Conceptually, Justice League ought to be a sure thing. Batman and Superman (the veteran of his own top-notch series) join forces with DC Comics stalwarts Wonder Woman, Green Lantern, the Flash, Hawkgirl and the Martian Manhunter to fight evil. Producer Timm certainly doesn't lack in ambition: each story arc takes two, sometimes three half-hour episodes to unfold.

But the series suffers from the absence of writer-producers Paul Dini and Alan Burnett, who worked with Timm on their previous superhero series. Dini's twisted wit and intricate characters are sorely missed here; sure, the fight scenes are impressive, but they'd work a lot better if we cared about the people involved.

Too many of the Leaguers are depressingly one-note characters. The Flash (voice of Michael Rosenbaum) is as obnoxious as he is speedy, a boastful know-it-all whose selfless acts are few and far between. Green Lantern (Phil LaMarr, again) is a stiff-necked military type who's always barking orders. The spooky Martian Manhunter (Carl Lumbly, who gets to have more fun on Alias) is at least likeable, but mostly hangs around making bland pronouncements and turning intangible. Superman (George Newbern of TNT's Bull) should be able to wipe the floor with any and all comers, but he comes across as a hesitant, nebbishy boy scout. Worst of all is Wonder Woman, voiced by Susan Eisenberg with all the integrity and force of wet cardboard. Somehow, comics' longest-running and most powerful female superhero has been reduced to a know-nothing Barbie doll.

At least the heroes look interesting when compared to their opponents. The original Batman and Superman series featured some of the most memorable and sympathetic villains in cartoon history, wringing impressive performances out of B-listers like Lori Petty, Richard Moll, and Adrienne Barbeau. But Justice League's three-part premiere episode, weighted with clunky dialogue and confusing plotting, pitted our heroes against faceless, identical, personality-free aliens.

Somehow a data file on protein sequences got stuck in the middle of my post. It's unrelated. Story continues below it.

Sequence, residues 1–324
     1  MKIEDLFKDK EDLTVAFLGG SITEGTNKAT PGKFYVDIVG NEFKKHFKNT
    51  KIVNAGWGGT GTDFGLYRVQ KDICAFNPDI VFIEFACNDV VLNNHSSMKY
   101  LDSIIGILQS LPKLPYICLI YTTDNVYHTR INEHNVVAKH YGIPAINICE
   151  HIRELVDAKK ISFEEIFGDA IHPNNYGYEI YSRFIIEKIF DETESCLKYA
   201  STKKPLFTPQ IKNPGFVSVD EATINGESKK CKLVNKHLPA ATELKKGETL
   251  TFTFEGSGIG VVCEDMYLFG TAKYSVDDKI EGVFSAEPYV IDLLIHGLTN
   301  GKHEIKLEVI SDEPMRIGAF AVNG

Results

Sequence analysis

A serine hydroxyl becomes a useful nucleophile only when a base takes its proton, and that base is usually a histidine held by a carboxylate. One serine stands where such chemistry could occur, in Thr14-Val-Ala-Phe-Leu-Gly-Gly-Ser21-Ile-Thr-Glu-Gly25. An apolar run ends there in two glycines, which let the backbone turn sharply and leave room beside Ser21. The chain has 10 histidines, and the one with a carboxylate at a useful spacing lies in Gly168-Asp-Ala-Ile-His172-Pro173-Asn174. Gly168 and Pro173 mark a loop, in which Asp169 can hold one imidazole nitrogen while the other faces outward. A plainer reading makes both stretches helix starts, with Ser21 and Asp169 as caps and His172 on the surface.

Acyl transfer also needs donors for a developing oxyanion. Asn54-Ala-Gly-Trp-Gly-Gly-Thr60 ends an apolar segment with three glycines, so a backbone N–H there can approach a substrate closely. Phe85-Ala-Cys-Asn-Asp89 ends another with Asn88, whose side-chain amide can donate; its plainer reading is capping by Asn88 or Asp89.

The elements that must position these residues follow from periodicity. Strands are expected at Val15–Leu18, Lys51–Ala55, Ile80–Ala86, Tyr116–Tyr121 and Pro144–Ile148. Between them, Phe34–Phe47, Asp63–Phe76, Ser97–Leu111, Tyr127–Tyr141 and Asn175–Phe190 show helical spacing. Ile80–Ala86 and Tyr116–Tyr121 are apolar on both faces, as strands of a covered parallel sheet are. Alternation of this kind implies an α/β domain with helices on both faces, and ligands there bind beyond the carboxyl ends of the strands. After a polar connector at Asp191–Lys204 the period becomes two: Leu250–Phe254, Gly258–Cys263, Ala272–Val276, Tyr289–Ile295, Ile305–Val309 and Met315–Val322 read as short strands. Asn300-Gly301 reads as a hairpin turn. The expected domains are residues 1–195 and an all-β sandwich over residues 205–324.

The producers continued with a legion of faceless, identical, personality-free robots, then a one-note army of mutinous Atlanteans, and most recently a clichéd man-hater of an Amazon. There have been some bright spots -- John Rhys-Davies' turns as Hades, a lascivious three-tongued (!) god of war, was certainly memorable-- but on the whole, there's a sense that the best is yet to come. Considering that a future episode promises the return of Mark Hamill's career-best role as The Joker, perhaps that's true.

The most frustrating aspect of Justice League is that Timm and company get just enough of the show right to give you an idea of how good it could be. Every episode contains at least one impressive plot twist, inventive action scene or clever character moment. After voicing the Dark Knight through the original series, a late '90s revival, and the spinoff Batman Beyond, Kevin Conroy has Batman's characteristic growl down to a science. The Caped Crusader is supremely competent, grouchy, and does not play well with others, which makes him a genuine treat among his goody-goody costars. Maria Canales' Hawkgirl is a lot of fun too. A hard-nosed cop from another planet, she picks bar fights with super-powered aliens and smirks knowingly at Wonder Woman when the Amazon asks what men could possibly be good for.

Perhaps the series' best character move is its redemption of Aquaman, long reviled as the orange-shirted dork of the superhero community. Here, he's a musclebound and bearded badass, willing to cut off his own hand (offscreen, of course) to save himself and his infant son from certain death. He summons killer whales as shock troops, maintains a tense relationship with the surface world, and lets a would-be usurper fall to his death while snatching back his royal trident: "I believe this is mine."

Still, watching Justice League you get the sense that Timm and company are batting for a double, maybe a solid triple at most. It's not bad outright -- it's disappointing, which is almost worse. Meanwhile, every half-hour of Samurai Jack is a great big swing for the fences, hit or miss. No wonder Batman's so grumpy. A guy in a kimono is stealing all his thunder.


TeeVee - About Us - Archive - Where We Are Now

Got a comment? Mail us at teevee@teevee.org.

* * *